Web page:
In a report released Wednesday, TowerGroup said phishing attacks this year will account for less than $150 million in consumer losses worldwide. The finding puts TowerGroup at odds with other researchers, who have put.
"Phishing attacks can allow criminals to fraudulently obtain consumer data, but they do not commonly result in an actual fraud event, in which accounts are accessed or funds are stolen," Beth Robertson, senior analyst in the global payments research service at TowerGroup, said in a statement.
Phishing attacks attempt to scam consumers into going to fake e-commerce and financial sites as a way to convince the victims to give up sensitive information. TowerGroup predicted that the number of phishing attacks will almost triple to 86,000 in 2005.
But businesses, and not consumers, stand to lose the most from phishing, the financial firm maintained. For the most part, phishing attacks only succeed with a small number of online users and represent a nuisance--much as spam does--for the majority of consumers, the company said.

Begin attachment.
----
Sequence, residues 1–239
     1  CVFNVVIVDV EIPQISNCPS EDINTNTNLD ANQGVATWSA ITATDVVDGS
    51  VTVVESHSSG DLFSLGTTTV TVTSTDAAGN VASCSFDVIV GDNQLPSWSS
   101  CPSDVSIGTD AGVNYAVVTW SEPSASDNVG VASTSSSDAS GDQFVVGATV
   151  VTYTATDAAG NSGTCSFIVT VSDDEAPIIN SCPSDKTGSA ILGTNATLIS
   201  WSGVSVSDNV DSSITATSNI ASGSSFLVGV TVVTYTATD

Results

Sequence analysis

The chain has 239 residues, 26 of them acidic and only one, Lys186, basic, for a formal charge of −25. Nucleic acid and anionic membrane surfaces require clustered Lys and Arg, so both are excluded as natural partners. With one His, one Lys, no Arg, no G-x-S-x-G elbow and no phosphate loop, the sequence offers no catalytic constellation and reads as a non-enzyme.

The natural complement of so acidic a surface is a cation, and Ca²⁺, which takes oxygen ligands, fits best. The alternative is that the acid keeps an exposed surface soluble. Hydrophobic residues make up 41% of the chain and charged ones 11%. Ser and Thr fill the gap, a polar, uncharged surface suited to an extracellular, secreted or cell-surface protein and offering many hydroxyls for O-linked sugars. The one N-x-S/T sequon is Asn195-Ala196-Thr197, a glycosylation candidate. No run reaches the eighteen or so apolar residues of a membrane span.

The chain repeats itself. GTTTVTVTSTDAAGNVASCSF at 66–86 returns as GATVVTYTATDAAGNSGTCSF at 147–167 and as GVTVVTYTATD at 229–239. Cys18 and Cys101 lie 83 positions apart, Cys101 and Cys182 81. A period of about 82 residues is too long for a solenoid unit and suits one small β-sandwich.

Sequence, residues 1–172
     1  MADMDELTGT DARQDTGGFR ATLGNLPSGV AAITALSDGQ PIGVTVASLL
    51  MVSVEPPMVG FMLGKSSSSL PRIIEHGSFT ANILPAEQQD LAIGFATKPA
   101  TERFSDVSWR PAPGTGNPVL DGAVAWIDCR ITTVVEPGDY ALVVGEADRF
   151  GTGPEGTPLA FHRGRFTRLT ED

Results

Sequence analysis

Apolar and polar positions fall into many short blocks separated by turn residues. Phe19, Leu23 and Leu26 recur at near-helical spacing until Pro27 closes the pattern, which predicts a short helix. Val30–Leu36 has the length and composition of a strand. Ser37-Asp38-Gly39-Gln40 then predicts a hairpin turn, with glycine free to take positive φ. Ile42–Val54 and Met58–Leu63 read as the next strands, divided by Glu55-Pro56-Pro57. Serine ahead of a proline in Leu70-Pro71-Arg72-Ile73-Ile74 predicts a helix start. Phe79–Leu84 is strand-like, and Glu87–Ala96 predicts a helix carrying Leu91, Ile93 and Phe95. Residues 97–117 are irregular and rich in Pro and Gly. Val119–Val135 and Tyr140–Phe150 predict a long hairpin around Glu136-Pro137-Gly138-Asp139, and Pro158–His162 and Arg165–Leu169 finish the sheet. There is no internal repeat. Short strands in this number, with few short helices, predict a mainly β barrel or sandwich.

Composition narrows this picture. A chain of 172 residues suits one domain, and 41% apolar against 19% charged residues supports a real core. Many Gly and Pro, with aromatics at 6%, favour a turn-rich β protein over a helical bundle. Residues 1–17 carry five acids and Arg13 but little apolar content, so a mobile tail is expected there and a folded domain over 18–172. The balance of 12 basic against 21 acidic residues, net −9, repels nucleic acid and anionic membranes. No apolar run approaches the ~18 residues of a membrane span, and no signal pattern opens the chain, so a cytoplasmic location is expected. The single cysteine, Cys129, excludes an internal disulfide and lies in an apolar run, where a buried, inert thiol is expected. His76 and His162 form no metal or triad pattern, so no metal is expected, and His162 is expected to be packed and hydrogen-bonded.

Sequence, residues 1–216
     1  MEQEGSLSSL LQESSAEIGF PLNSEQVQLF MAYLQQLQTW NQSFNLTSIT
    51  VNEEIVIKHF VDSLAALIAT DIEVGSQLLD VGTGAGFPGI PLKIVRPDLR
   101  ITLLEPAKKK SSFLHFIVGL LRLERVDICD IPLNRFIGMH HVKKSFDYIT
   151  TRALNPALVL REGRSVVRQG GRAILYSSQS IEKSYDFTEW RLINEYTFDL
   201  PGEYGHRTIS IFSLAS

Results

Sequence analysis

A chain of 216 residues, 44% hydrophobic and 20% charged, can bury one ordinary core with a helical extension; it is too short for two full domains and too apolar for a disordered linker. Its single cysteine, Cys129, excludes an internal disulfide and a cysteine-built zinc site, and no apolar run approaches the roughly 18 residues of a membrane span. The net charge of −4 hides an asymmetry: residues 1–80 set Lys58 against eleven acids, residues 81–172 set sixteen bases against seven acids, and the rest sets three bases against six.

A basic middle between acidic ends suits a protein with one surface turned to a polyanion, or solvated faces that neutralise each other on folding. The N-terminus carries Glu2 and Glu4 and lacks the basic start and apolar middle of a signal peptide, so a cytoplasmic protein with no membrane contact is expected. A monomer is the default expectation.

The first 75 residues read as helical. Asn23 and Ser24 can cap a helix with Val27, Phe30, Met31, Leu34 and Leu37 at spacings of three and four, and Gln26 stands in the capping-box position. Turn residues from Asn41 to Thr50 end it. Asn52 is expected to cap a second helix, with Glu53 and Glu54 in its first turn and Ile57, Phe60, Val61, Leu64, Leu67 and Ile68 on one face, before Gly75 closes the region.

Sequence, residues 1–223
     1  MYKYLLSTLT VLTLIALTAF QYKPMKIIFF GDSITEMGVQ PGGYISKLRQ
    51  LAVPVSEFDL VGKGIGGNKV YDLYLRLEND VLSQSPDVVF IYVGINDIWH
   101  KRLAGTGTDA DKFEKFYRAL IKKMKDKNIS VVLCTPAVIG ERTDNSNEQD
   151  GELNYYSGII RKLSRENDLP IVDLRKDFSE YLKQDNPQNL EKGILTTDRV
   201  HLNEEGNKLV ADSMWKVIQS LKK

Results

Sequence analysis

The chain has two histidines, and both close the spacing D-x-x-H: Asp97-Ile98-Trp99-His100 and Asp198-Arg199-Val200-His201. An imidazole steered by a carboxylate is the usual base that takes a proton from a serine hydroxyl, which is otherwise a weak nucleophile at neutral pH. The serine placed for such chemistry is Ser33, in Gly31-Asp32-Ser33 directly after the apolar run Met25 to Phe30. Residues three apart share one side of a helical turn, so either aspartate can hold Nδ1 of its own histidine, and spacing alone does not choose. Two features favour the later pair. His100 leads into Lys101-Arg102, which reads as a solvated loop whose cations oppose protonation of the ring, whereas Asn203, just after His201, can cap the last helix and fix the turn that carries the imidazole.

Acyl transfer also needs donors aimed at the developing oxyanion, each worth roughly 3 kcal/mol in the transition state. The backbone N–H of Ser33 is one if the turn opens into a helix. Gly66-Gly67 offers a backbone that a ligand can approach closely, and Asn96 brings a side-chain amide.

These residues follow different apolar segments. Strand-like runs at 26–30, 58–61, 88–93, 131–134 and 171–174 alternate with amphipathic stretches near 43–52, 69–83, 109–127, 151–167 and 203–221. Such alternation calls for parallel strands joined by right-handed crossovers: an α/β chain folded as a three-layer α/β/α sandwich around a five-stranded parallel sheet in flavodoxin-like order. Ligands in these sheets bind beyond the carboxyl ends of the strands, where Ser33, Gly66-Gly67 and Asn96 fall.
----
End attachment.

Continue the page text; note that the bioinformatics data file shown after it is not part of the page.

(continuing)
Phishing attacks lead online users to be more wary of e-commerce sites and e-mail communications, TowerGroup said. That could crimp business during the most lucrative quarter for online retailers, and companies whose brands are co-opted by scammers may have to deal with increased support calls and lost confidence in their brand, the firm said.
While their estimates of damages may differ, other researchersthat businesses stand to lose the most if e-commerce sites cannot figure out a way to deal with phishing.
Many e-commerce experts haveto be on the watch for fraudulent Web sites and phishing scams this holiday season.
The TowerGroup report maintains that phishing attacks are becoming more complex and generally include malicious software.